Tech

How to Score Your Dream Job on LinkedIn

collab creators office in los angeles
Courtesy of Homepolish/Tessa Neustadt

You may know it as the website you never check that deluges you with spammy emails, but LinkedIn is still one of the first places recruiters hit to find new talent. If you're crossing your fingers that you'll get recruited for a sweet new gig, you have no choice but to tailor your profile so it gets in front of the right eyeballs. Here are eight verified ways to get noticed on LinkedIn so your next job comes to you.

Upload a professional headshot

You know that one selfie you use for every single profile picture? Opt for something a little more sophisticated. If you can swing it, hire a photographer to snap some professional headshots, or at the very least, get a friend to take a pic of your best business face. Statistics show that having a professional-grade headshot in your profile makes you 21 times more likely to be viewed by other users. 

Take full advantage of your tagline

Instead of simply filling the field out with your current title, use the "professional headline" space to say something more exciting about your talents. For instance, if your official title is Marketing Manager, you could enhance it by tacking on several relevant (and legitimate) skills: "Marketing Manager, social media whiz kid, brand-builder."

Incorporate industry-specific buzzwords too, since that will help you show up in more searches. Recruiters rely on hyper-specific search strategies to narrow the field, according to Samantha Maldonado, manager of talent acquisition here at Thrillist. "Some people say that your profile should look like your resume. Whether it looks like your resume or it's short and sweet, I'm fine with it, [but] for me, more is better because I'm looking for keywords."

Don't forget to fill out the summary field 

Many people just brush past the "summary" field -- why bother, that's what your resume's for, right? Bad move. Other than your headline, the summary section is your first big opportunity to sell yourself, and according to LinkedIn's own research, 87% of recruiters are looking for it. Take the space to tell why you do what you do, and touch on a few accomplishments you're particularly proud of. Make sure you're writing in the first person and that your voice comes through.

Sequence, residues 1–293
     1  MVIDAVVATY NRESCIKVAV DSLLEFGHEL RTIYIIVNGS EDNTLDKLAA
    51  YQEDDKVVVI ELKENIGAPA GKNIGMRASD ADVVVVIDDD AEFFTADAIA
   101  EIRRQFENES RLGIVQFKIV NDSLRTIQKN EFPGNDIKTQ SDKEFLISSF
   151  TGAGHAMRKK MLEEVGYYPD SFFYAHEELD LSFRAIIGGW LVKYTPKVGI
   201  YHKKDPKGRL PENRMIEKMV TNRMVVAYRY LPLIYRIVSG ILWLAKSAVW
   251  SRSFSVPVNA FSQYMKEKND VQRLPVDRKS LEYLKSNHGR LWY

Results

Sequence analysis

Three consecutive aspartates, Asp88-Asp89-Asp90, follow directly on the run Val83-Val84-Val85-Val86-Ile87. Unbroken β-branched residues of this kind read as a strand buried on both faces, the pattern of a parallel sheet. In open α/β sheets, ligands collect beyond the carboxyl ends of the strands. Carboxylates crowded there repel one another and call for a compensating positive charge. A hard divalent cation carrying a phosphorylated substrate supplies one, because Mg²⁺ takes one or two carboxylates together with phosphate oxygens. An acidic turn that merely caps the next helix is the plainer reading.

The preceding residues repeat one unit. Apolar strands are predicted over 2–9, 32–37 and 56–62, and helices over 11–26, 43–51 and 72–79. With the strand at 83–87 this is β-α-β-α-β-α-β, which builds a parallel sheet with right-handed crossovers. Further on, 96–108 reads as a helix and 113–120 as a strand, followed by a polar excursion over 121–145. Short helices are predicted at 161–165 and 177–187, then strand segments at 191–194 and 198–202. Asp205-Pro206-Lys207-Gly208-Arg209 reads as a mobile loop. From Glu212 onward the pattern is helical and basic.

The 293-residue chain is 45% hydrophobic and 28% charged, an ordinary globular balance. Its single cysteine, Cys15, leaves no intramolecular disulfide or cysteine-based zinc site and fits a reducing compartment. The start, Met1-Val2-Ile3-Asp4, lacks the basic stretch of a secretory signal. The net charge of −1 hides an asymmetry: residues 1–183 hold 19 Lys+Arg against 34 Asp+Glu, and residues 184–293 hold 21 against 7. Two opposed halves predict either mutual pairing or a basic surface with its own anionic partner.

Maldonado considers this section particularly important for people whose backgrounds are especially diverse. "The summary is a way to really showcase and brand yourself, so you're not overlooked for any opportunity. Highlight the skills you have that might not be portrayed in your resume," she said. If you need some help getting started, here are a few excellent templates to explore.

linkedin recommendation form
Screenshot via LinkedIN

Ask around for recommendations

Remember having to ask teachers for recommendations to send in with your college apps? It sucked. Sorry to say, but you should be doing the same for your LinkedIn page. You'll want to court the most high-profile people you've worked with, and preferably superiors. Make it easy on them by submitting a short pre-written draft of a recommendation for them to amend or use as they see fit. 

Adjust your settings to let recruiters know you're interested

LinkedIn is currently testing out a new feature that discreetly lets recruiters know if you're interested in exploring a new opportunity. On the desktop version of your profile, go to the Job tab, click Preferences, and scroll down to the section titled "Career interests for recruiters." If you're open to recruiters reaching out, turn it on and fill out the questionnaire as fully as you feel comfortable. The setting is only visible to recruiters outside of your current company, so it won't get you in hot water either way.

linkedin volunteer experience form
Screenshot via LinkedIn

Showcase your good deeds

Proving you're an all-around do-gooder can give you a leg up on the competition, which is why you should take full advantage of the "Volunteering Experience" and "Supported Organizations" sections. According to LinkedIn, 42% of hiring managers consider time spent volunteering as relevant work experience, and one out of five hiring managers says they've made hiring decisions based on a candidate's volunteer experience. That's not to mention that profiles that include causes and volunteer experience receive six times more views than those without. For Maldonado, this is particularly relevant for people applying to entry-level positions. "Even if your volunteer work isn't related to the field that you're going into, it could potentially describe your character. Volunteering your time to do something for the community -- that really speaks volumes about you as a person," she said.

Include examples of your work, especially if you're in a creative field

This may sound like a no-brainer, but if you work in video, design, journalism, or any other visually skewed industry in which what you do is best showcased in its native format, find a way to include it as such. Otherwise, be as specific and precise as possible. "If you are in editorial obviously we want to see samples of your work, but if you are in finance, there's really nothing for you to show other than what you're responsible for and your current and previous positions," said Maldonado.

Post regular updates

If you commit to posting an update or sharing a story via LinkedIn once a week, your odds of being noticed go up significantly, as your posts can be seen far beyond your first-degree connections and catch the eye of recruiters. Also, if you're regularly posting stories about your industry, it's a good sign that you're fully engaged and passionate about your work. 

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Joe McGauley is a senior writer for Thrillist and probably received at least one LinkedIn email while writing this sentence.